Do not be fooled by its name, the Xperia 5 II (pronounced “Five Mark Two”) is the little brother of the Xperia 1 II, the Sony flagship launched in early 2020. Marketed at 899 euros, this device also belongs to the category of high-end smartphones. It differs in particular by its more compact format and its screen with a refresh rate of 120 Hz. Its triple camera module, very versatile, is also highlighted by the Japanese manufacturer.
For two weeks, we made the Xperia 5 II our main smartphone. We tried to understand why Sony represents less than 1% of the mobile market today and, above all, if this difficult situation forces it to lower its quality requirements.
A format close to perfection
When we unboxed the Xperia 5 II, we were first won over by its format. Very narrow (6.8 centimeters), the Sony smartphone is extremely pleasant to use. Its rounded edges conform perfectly to the curve of the palm of your hand while its weight, at just 163 grams, makes it much lighter than most of the other mobiles released in 2020. It’s pleasant.
To achieve this feat, Sony has simply reiterated a formula that has been unique to it for several generations, the long design. Measuring 6.1 inches diagonally, the Xperia 5 II’s screen has a 21: 9 ratio, which is quite rare on the market (19: 5 is the most common).
As a result, the smartphone displays almost as much information as larger smartphones… in a format that is less tiring to hold. We really love it, even if, logically, not all the content is suitable.
For example, 16: 9 or 18: 9 videos leave large black bands on the sides, while some games do not support this format.
Another unfortunate point is that there are still massive physical borders at the top and bottom of the screen. Not very serious for a high-end mobile.
Full HD + definition rather than 4K (unlike the Xperia 1 II), the 6.1-inch screen of the Xperia 5 II is not among the best on the market, according to our laboratory tests. Its maximum brightness is only 541 cd / m2 which is not really up to a device at 900 euros. In some scenarios, such as outdoors in the summer, you may have difficulty reading certain content on your screen. Another disappointing point, the color fidelity is far from the best on the market (Delta E by default of 4.62, Delta E in designer mode of 2.93). Fortunately, the use of an OLED panel saves the honor. The contrast ratio is almost infinite, which makes the screen sumptuous when a dark background is in the spotlight.
New to the Xperia 5 II over the Xperia 1 II, Sony is finally getting to the 120Hz refresh rate, like most high-end Android smartphone makers in 2020. However, we still feel like the Japanese manufacturer is not very proud of this characteristic, which it considers undoubtedly too greedy in energy.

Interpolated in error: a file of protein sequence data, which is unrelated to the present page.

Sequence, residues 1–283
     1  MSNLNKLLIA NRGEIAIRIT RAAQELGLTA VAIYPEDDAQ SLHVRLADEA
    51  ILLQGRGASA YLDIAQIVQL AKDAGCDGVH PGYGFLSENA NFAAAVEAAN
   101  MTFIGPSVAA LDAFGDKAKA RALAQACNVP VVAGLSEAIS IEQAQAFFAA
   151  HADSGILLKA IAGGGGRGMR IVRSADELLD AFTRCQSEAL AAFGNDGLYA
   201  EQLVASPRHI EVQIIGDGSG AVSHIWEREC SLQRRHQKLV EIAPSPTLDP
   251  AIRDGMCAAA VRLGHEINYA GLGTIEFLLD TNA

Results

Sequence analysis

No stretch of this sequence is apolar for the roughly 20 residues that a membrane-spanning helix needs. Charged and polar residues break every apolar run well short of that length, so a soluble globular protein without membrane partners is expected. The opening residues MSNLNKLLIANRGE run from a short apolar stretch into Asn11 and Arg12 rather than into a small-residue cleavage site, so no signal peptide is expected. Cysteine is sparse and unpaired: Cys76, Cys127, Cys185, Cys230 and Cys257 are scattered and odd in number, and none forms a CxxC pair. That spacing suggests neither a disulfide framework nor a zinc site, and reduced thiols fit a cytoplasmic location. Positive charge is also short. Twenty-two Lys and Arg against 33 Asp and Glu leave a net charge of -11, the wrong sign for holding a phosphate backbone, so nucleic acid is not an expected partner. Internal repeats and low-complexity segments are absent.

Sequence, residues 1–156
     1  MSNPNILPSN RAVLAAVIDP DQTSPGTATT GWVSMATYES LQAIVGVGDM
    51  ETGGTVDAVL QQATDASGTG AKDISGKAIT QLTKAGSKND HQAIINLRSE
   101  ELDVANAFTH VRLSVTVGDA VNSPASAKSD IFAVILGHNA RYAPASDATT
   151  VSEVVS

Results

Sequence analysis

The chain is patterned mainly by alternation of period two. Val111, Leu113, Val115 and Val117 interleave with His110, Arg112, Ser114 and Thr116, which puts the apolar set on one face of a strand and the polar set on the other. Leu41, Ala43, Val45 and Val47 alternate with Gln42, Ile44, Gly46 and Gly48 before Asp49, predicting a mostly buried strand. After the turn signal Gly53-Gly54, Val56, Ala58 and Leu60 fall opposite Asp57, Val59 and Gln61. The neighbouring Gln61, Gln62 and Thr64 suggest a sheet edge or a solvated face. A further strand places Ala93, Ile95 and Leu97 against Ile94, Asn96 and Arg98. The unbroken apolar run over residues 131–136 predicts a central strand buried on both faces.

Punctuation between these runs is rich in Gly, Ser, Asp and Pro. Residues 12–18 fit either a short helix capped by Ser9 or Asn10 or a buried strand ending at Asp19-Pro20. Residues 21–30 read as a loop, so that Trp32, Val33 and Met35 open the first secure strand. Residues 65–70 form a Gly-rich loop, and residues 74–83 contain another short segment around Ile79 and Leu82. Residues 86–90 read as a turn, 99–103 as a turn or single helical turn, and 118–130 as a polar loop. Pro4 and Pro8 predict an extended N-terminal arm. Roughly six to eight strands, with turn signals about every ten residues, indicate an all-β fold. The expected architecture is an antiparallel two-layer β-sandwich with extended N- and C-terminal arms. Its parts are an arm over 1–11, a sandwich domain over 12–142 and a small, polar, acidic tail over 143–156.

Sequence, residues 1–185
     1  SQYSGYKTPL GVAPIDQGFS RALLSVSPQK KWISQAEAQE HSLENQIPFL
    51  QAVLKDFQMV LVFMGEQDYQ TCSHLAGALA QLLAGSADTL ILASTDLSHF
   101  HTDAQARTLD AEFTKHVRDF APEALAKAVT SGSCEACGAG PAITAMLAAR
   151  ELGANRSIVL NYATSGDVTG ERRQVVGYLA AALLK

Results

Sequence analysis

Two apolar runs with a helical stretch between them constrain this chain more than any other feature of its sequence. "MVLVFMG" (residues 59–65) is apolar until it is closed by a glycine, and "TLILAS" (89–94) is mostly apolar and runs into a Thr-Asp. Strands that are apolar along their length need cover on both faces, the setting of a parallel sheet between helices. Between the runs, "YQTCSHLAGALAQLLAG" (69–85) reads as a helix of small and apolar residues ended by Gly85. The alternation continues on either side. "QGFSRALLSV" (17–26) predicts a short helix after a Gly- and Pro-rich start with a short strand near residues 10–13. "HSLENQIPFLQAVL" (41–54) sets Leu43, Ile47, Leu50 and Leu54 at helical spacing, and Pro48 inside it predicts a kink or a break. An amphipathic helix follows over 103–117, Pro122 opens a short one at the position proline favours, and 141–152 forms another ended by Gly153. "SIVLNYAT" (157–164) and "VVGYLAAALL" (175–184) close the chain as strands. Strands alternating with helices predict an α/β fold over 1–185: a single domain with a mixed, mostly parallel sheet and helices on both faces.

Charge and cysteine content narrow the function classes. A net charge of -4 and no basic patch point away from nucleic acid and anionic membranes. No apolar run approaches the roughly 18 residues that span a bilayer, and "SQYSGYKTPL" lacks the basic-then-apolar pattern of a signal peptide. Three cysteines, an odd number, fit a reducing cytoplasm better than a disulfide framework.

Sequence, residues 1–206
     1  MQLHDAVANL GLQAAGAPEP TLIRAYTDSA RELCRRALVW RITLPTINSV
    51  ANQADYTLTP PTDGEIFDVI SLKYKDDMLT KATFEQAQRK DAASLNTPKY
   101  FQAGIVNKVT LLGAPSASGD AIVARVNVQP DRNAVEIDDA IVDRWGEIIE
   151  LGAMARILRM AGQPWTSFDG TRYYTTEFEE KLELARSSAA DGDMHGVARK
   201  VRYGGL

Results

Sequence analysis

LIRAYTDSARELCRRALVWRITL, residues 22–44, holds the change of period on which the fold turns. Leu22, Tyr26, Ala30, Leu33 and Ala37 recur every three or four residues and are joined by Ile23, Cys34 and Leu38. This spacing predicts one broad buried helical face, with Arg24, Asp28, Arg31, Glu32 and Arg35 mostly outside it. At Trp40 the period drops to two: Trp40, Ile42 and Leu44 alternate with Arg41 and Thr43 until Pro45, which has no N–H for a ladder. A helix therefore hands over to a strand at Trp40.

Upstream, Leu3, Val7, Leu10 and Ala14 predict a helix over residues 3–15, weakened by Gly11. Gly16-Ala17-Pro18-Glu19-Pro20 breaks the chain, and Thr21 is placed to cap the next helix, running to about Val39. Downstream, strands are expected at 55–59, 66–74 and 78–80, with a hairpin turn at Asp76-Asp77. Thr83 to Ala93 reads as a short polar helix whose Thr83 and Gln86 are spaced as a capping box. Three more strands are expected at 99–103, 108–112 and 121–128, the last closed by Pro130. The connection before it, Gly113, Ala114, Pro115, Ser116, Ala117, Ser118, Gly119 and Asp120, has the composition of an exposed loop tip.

120 Hz is a hidden option in the settings, not at all highlighted. We imagine that Sony does not want you to activate it but still offers it to respond to critics and really tech-savvy users.
A not always grandiose experience
Equipped with Qualcomm’s powerful, high-end Snapdragon 865 processor, the Xperia 5 II is, on paper, a smartphone that shouldn’t miss a thing. Unfortunately, and without being able to explain it very precisely, something is missing. This little extra that OnePlus, Pixel or even Samsung smartphones have is not present on the Xperia 1 II.
The system animations are not the most incredible, the settings are very basic, there are some funny preinstalled applications (Amazon, Sony Music, Game Optimizer) and, finally, we get bored very quickly of this smartphone.
Some amazing bugs, like the brightness that goes down by itself during GPS navigation, are also frustrating. We have the impression that Sony was content to use great components without really caring for the user experience which, once again, is not up to a smartphone at 899 euros.
Fortunately, all is not bad on this Xperia, far from it. The device performs very well in games, has a well-designed multi-window mode (the 21: 9 screen allows you to use two apps at the same time) and displays nice technical characteristics.
IP68 water resistance, super stereo speakers, expandable 128 GB storage, dual SIM port that can be removed with your fingernails (no need to look for a paperclip to change SIM card, which will delight frequent travelers post-pandemic)… The Xperia 5 II is pretty cool. Too bad its software is sometimes a little too reduced to a minimum.